That’s what Paul’s advocating here in Philippians 4:8–9, isn’t he? Listen to these words: The direction of one’s mind has a great effect on the disposition of one’s heart. Look, you don’t need to go to seminary to know this. You don’t even need a medical degree to discover this. Whatever you think about shapes your life and molds your character.
Matthew Henry, the Puritan, said, “The man is as the mind is.” I don’t want to simplify life down to that one statement, but the man is as the mind is. The Bible would agree with that, right? Proverbs 23:7 says, “For as he thinks in his heart, so is he.” What we camp on, think on, fixate on sets a mood, creates a disposition. The direction of one’s mind has a great effect on the disposition of one’s heart. You and I know that Proverbs 4:23 says to “guard your heart.” Now, the word “heart” there in the Hebrew carries the idea of the mind, the heart. “Guard your heart, for out of it flows the issues of life.”
Isn’t it interesting that in the whole context of spiritual warfare—where the enemy wants to send fiery darts and cause us anxiety, upset us, make us uneasy—we’re told to put on the helmet of salvation. We’re told to guard our minds with gospel truth. Learn what justification’s about. Learn about the indwelling presence and comfort of the Holy Spirit. Learn the great and mighty promises of the gospel. We’re redeemed. We’re forgiven. We’re adopted. We’re elect. We’re kept by the power of God. We must think like that and constantly fight for that thought. And it is a fight. For some of us, our minds are so wired that that’s harder to concentrate on than for others, but you must fight. You must bring your thoughts into captivity to Jesus Christ because you need to put on the helmet of salvation. Let me illustrate this and wrap this up.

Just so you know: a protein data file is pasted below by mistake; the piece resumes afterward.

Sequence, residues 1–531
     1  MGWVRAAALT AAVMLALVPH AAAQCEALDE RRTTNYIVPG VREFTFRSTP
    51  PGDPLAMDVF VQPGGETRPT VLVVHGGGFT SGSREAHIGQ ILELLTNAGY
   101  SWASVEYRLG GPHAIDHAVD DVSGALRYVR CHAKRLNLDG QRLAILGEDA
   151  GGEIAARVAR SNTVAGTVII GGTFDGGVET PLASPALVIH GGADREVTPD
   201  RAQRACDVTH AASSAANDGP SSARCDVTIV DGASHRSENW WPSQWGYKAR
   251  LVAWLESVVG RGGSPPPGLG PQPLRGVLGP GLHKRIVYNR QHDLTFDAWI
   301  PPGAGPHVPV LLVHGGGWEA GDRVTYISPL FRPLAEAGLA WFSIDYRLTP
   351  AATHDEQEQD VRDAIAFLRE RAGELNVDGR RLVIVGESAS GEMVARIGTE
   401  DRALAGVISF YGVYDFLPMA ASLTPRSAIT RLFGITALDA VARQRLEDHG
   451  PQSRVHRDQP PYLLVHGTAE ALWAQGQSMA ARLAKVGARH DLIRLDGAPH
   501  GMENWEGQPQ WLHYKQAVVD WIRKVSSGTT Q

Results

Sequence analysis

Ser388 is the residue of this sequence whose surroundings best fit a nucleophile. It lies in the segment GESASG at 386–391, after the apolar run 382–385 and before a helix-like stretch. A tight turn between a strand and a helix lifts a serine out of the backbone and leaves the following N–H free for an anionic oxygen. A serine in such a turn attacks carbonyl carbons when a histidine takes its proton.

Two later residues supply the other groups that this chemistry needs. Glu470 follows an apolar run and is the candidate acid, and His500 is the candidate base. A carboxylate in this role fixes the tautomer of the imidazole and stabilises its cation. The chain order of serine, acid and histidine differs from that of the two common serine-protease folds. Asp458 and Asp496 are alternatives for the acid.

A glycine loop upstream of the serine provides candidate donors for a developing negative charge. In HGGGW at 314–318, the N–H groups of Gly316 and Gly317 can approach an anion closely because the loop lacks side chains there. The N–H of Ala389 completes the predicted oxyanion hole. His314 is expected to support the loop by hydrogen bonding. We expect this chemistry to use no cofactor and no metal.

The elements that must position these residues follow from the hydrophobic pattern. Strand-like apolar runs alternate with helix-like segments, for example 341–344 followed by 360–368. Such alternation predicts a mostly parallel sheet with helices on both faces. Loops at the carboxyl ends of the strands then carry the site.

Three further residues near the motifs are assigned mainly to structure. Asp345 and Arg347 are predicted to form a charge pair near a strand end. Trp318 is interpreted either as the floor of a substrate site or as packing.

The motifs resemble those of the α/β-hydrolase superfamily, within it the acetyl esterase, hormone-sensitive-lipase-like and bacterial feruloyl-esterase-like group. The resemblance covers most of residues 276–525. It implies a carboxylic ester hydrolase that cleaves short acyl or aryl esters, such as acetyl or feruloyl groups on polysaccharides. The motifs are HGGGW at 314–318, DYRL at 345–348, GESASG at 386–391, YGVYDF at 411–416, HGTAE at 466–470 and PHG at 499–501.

Some years ago, one of the men in our church worked the air traffic control tower at LAX. Since I worked in aviation, I’ve always had a fascination about it, so he invited me to spend a couple of hours up in the tower there in LAX. It was a wonderful afternoon. In fact, my daughter, Laura, was flying in from the UK, and we tracked her British Airways flight all across Arizona into California and onto one of the runways at LAX. The whole afternoon was spent. It was amazing. As busy as that place is, there was no worry or anxiety up there. Everybody knew their job. It was done in order, and it was just a fascination to watch.
But you know what? You and I need to be the air traffic controllers of our mental airport. All kinds of thoughts are whirling around us. They want to land in here, and we’ve got to decide whether we want them to land. And some that we have allowed to land, we need to tell them to take off. We need to be the air traffic controller of our mental space, of our mental airport, and only let land what’s holy and helpful and just and virtuous and right and praiseworthy.
All right, here is our closing thought: Respond. Did you notice in verse 9, the call to action? “The things which you learned and received and heard and saw in me . . .” What? “. . . these do . . .” Do. I don’t want you thinking about thinking about. I want you to do. I’m an example of the exposition. You’ve seen it in me. I’ve lived it; I’m living it right now. I’m imprisoned, but I’ve learned contentment, and I’m enjoying God’s peace. I’m living it, and you need to live it. I need to see you do it. I want to see you rejoice, rest, recognize, recount, and reflect.